Tuesday, December 13, 2011
I arrived home at 6am Monday morning having had no sleep and straight into the beginning-of-week flurry of school readiness. After the glorious gusto of greetings, my husband ran out of the door with a look of sheer relief on his face mouthing "they're all yours!" I put my suitcases down, forced a smile on my face and made their breakfast..... They were all sick with colds and so it was Thursday before I actually got any sleep. During those fog-muddled days, I could almost taste the sweet boost of cocktail that I had left behind and could cry. As everyone pulled at me, screamed at me, coughed at me, needed me....... I closed my eyes and remembered.... the gloriousness of time off, time alone, time to be me.
Quick disclaimer!: I did miss the girls so so much, and we skyped every day and talked several times a day (not looking forward to my mobile billl). I missed hubby incredibly and wished I could have shared all the amazing restaurants and cocktail bars with him.... came home full of romantic intentions and have barely spoken to him since (he's been sick, the girls have been sick, I've been sick, I had to go up to visit my mum.... so Hi Lovely.... talk soon!).
But.........but...... I cannot lie. It was sheer bliss. Sheer, utter, perfect, glorious, freedom liberating bliss. For five days I lived my life. MY life. I remembered who I was. I laughed, I smiled, I thought good thoughts. I did not shout, get frustrated, feel trapped, feel resentful, feel like crying, feel rubbish, feel stressed.
We walked (not ran, walked) all over Manhatton, we browsed (browsing!!!!..not running into a shop, list hanging out of mouth, baby in one arm, two hands beng dragged by the other arm, shouting 'where's the bloody thing I'm looking for!', and throwing money at the teller as I stop Ruby climbing onto an escalator, and shoving everyone back in the car seats in approximately 3 breaths..... yes, browsing), we stopped for tea breaks (where I actually drank it and finished whole conversations), drank cocktails at peculiar hours of the day (just because I COULD!), we went out for glorious East Coast seafood and beer, (and didn't have to rush home), I didn't get indigesiton eating my breakfast because I only had to feed myself. Did I mention it was bliss?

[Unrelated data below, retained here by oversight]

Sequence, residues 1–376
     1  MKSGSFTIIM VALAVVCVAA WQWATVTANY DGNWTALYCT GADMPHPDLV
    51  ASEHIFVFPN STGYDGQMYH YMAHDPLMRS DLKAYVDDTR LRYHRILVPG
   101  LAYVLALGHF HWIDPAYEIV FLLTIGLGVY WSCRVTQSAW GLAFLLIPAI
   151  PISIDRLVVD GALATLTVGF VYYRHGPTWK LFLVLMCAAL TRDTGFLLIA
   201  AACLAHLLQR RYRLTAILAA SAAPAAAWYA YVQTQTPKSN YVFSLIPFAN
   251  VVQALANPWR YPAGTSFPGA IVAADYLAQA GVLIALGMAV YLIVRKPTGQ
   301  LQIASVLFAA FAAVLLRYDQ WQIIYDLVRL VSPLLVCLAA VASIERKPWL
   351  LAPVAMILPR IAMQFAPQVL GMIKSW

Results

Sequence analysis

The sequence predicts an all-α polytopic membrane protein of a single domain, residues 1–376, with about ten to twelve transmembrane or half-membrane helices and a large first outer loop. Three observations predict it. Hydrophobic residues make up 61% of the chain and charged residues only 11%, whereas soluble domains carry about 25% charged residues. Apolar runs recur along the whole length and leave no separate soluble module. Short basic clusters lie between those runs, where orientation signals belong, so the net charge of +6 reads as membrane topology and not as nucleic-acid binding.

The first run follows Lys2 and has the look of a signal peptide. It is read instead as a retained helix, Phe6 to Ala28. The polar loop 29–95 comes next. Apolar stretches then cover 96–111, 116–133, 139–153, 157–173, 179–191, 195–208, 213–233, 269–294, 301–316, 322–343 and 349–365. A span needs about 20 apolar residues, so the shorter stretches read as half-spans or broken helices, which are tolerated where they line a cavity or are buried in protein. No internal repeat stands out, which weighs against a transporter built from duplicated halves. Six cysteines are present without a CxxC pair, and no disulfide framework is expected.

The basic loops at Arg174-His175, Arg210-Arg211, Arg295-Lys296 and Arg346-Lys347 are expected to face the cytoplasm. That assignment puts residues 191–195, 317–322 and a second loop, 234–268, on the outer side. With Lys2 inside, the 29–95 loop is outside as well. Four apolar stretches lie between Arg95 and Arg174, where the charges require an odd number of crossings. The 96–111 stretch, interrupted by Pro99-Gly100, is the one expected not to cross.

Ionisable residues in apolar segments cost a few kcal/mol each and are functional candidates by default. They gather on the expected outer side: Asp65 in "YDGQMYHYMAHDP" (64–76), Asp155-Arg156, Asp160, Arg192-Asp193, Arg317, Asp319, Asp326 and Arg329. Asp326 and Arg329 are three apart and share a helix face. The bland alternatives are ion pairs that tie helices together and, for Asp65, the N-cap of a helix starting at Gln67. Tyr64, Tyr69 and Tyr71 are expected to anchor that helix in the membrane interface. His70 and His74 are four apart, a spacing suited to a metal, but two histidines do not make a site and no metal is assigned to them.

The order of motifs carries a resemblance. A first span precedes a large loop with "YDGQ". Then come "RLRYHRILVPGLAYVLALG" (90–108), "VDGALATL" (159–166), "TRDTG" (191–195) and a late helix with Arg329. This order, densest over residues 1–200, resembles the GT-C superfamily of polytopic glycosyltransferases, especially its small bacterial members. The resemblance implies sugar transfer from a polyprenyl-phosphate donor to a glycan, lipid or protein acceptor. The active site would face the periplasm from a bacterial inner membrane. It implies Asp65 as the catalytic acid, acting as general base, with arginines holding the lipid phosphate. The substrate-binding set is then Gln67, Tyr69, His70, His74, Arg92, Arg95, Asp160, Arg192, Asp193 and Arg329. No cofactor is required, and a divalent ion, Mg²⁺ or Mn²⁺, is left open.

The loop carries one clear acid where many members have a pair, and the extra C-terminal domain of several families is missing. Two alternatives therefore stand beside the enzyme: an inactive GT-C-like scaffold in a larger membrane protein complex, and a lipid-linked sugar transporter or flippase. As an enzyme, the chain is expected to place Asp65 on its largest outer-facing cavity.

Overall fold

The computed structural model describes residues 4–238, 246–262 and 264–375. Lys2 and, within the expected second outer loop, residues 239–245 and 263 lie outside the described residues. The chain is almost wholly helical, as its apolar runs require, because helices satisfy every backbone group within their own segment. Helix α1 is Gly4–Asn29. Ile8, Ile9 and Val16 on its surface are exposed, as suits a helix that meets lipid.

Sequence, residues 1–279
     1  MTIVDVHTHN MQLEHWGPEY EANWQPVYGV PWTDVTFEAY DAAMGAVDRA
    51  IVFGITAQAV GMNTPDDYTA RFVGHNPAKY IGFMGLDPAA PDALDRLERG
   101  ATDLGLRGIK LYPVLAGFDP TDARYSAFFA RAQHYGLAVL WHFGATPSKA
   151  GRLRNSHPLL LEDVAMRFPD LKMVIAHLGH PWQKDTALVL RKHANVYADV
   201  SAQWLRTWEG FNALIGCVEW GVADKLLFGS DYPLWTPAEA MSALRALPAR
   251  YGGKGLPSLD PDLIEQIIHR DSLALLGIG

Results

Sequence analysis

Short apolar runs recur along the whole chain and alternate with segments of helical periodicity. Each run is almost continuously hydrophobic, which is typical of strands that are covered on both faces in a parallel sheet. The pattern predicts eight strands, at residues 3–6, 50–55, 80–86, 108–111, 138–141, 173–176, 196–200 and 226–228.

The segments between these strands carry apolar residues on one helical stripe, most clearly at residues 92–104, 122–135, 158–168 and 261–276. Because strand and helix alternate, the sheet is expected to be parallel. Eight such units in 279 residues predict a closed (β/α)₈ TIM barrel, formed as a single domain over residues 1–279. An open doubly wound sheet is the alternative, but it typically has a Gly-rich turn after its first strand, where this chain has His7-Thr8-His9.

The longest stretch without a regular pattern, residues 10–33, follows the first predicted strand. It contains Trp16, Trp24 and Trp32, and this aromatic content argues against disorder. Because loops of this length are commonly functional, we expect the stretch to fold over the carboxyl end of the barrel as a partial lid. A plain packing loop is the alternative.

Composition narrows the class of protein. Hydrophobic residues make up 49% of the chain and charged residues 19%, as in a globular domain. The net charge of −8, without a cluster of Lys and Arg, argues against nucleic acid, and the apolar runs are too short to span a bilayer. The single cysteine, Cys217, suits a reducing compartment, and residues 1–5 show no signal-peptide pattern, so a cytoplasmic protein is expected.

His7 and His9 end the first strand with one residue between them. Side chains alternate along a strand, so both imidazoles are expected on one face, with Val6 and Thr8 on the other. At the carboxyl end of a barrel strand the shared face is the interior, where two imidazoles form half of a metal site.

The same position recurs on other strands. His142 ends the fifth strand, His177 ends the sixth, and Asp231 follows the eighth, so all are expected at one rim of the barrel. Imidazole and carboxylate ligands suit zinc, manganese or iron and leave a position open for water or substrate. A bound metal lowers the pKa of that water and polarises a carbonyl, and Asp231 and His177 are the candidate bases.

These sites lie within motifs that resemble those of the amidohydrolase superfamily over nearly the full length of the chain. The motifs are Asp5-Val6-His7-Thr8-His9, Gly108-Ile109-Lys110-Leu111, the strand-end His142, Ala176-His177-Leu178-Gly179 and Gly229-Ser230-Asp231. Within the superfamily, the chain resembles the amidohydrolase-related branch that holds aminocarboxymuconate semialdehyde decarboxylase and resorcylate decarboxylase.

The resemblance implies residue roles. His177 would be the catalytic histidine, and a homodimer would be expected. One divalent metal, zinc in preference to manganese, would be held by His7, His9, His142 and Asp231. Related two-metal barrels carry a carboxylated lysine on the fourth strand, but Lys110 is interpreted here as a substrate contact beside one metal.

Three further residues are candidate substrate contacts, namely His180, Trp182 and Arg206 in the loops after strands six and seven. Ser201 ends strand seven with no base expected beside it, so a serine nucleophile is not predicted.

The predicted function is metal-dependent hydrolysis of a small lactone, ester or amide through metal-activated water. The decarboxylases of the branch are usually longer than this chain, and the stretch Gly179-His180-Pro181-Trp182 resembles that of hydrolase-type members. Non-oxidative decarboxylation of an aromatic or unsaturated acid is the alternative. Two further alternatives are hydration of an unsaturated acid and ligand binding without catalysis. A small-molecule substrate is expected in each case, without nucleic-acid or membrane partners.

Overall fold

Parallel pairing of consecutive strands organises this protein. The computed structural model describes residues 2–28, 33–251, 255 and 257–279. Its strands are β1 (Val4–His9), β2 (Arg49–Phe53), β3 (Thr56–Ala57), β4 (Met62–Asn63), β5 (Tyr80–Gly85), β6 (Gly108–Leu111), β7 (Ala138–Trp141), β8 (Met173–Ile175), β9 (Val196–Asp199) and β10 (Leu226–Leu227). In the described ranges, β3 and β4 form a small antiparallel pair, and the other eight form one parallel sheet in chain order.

Sorry girls...... I love you dearly, and chose this life at home with you. I would have it no other way..... but I needed this. I feel recharged, rebooted, re-engaged, reinvented, rejuvenated. My post-holiday blues have flown away leaving a rainbow of happiness. Our coughs are gone, and replaced by laughing. I've rediscovered how to laugh with you, because I finally had some time to remember how to laugh with me. I am playful, forgiving, energised, and I am loving being with you again. Oh, and just so you..... Amanda and I have started saving again!
Monday, November 28, 2011
Monday, November 21, 2011
Reading them I realise how honest I was, how at ease we were with each other, how accepting we were, how involved my parents have been in my life. Not only does that box give me a unique diary of my life - in my own words, it is like a gift to me in this time as I grieve for my mum, and learn to live my life without her involvement.
I still write to her every week - I take photos of my days with the girls, and I embed them in a letter with a commentary, and I email it to dad who prints it out and reads it to her. They are slowly filling a box beside her bed - and in time too they will be the diary of this phase, and a reminder that even though she cannot be the person she was, she is still, and always will be, involved in my life.
Tuesday, November 8, 2011
And then my knight in shining armour came home and rescued me from the wicked witches. Thank you hubby...... coming home early was the best wedding anniversary present you could give me.... (well, the best one that doesn't sparkle!!).
Wednesday, October 26, 2011
And it gets harder and more confusing still.
Thursday, October 20, 2011
1. She is soooooooo rude! My lovely girls say please and thank you, they go to the toilet, and have some level of decorum at the dinner table. I've been lulled into a false sense of social grace. Ruby is just rude! She screeches her demands like a demented banshee without so much as a by your leave, she throws her food on the floor when it no longer holds her attention, she lets go of the smelly stuff at the most inopportune times, and frankly thinks she rules the roost.
2. She makes so much mess. I mean, seriously, inconceiveable mess. It's like her saliva contains a food-reproduction germ than means there is three times as much Weetabix on the walls and floor than was ever in her bowl. I can't believe she's thriving as none seems to go into her mouth - her ear, yes. Her hair, definitely. My clothes, absolutely.